The District Court held that Hertz was a citizen of California. In determining Hertz's citizenship for purposes of diversity jurisdiction, the District Court applied the precedent of the Ninth Circuit by using the "business activity" test, which instructed courts to identify a corporation's "principal place of business" by first determining the amount of a corporation's business activity state by state. Under the "business activity" test, if the amount of activity of a corporation in one state was significantly larger or substantially predominant than in other states, then that state was considered the corporation’s "principal place of business." If, however, if the business activity in one state did not predominate over its activities in other states, then the principal place of business for the corporation would be the corporation's "nerve center." Applying this test, the District Court noted that while Hertz's corporate headquarters were in New Jersey, because California led all other states significantly in the amount of Hertz's car rental locations, full-time employees, revenue and transactions, California was Hertz's principal place of business. The District Court's ruling was affirmed by the Ninth Circuit Court.

Analysis: The Supreme Court vacated the ruling and remanded the case back to the District Court for further proceedings consistent with the Supreme Court's conclusion that the proper test to use when determining a corporation's principal place of business required a court to determine the location of the corporation's "nerve center." According to the Supreme Court, a corporation's "principal place of business" is best read as "the place where the corporation's officers direct, control, and coordinate the corporation's activities. It is the place that Courts of Appeals have called the corporation's "nerve center." And in practice it should normally be the place where the corporation maintains its headquarters -- provided that the headquarters is the actual center of direction, control and coordination."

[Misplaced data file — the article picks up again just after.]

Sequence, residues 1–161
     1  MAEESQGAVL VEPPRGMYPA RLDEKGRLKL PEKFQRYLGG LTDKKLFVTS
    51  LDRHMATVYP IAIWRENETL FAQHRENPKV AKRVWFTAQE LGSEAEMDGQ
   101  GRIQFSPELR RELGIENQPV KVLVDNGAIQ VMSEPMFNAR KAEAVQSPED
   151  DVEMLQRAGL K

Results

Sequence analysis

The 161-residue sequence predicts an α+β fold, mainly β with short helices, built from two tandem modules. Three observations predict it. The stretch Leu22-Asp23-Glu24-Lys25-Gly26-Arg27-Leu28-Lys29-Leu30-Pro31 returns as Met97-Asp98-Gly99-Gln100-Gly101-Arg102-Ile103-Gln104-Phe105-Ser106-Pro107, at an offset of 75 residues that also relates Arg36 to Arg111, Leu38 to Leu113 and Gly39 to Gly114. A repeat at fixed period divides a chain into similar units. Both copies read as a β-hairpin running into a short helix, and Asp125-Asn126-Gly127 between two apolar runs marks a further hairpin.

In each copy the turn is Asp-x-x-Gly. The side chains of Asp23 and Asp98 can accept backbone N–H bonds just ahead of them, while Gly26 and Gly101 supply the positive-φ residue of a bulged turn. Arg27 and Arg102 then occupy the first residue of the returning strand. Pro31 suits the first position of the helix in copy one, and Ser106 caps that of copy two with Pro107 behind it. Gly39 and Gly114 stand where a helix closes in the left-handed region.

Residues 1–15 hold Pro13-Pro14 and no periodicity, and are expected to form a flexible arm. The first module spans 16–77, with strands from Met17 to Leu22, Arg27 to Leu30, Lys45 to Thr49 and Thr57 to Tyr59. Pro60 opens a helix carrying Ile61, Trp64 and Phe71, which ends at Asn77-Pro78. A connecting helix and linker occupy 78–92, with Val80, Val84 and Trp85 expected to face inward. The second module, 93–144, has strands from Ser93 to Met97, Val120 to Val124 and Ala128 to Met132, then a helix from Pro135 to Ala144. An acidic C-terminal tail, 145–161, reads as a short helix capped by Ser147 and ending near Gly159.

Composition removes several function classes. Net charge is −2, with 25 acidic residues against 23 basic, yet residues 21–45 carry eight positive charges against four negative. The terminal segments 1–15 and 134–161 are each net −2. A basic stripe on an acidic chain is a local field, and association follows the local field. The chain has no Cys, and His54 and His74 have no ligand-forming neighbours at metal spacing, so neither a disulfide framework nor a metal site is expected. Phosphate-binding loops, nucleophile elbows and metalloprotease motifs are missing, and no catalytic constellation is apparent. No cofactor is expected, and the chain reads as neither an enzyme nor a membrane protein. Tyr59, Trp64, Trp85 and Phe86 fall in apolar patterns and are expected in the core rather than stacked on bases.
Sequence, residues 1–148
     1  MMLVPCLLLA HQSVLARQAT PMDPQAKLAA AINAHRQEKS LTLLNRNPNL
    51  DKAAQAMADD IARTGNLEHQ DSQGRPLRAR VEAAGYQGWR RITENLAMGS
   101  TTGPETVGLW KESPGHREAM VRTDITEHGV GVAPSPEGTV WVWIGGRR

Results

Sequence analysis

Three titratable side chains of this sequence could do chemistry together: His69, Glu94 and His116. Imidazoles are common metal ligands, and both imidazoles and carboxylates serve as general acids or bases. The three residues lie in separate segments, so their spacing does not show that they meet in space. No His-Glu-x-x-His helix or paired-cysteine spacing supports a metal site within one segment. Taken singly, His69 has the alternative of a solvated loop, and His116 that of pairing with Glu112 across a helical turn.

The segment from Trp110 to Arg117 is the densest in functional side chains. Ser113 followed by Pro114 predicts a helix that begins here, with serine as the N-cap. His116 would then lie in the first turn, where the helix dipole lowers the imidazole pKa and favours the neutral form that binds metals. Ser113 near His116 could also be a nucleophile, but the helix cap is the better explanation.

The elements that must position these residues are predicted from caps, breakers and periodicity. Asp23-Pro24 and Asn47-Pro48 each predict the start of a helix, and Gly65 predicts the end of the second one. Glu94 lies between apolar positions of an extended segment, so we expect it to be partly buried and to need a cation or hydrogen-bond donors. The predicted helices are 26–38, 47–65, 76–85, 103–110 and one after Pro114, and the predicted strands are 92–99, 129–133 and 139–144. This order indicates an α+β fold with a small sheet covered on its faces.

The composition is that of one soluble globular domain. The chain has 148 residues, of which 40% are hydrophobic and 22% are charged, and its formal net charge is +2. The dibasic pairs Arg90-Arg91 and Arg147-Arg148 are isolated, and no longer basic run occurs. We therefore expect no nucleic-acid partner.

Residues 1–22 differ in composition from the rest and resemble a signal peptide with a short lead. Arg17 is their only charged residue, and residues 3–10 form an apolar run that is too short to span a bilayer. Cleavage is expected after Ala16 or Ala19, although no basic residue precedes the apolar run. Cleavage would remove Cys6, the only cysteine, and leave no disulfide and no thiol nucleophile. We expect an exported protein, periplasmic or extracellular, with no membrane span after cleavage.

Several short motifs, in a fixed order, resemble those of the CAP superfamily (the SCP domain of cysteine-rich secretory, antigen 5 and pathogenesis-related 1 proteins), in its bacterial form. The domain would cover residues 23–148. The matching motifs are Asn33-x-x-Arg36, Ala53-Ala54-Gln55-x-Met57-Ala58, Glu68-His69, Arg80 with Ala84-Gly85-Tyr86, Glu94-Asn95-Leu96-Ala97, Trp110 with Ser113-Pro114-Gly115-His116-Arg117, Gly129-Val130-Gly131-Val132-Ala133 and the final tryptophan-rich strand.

In comparing and contrasting the "business activities" test used by the two courts below and the "nerve center" test, the Supreme Court explained that the "business activities" test had proved "unusually difficult to apply" due to the courts having to weigh the numerous factors, such as location of facilities and service centers, sales, transactions, employee location, payrolls, and revenue generation, while the "nerve center" test was a comparatively simpler jurisdictional rule that would provide easier judicial administration and predictability to corporations and plaintiffs. The Supreme Court also noted that having complex jurisdictional rules, such as the "business activities" test, only served to waste court resources and to "complicate a case, eating up time and money as the parties litigate, not the merits of their claims, but which court is the right court to decide those claims." Acknowledging that the "nerve center" test would not be easily applied in all cases, the Supreme Court stated that the "nerve center" test would serve to point courts in a single direction and provide a sensible test that would be comparatively easier to apply.

The full opinion is available in PDF.

Penson Financial Services, Inc. v. Holland (Maryland U.S.D.C.)

Filed: February 18, 2010
Opinion by Judge Catherine C. Blake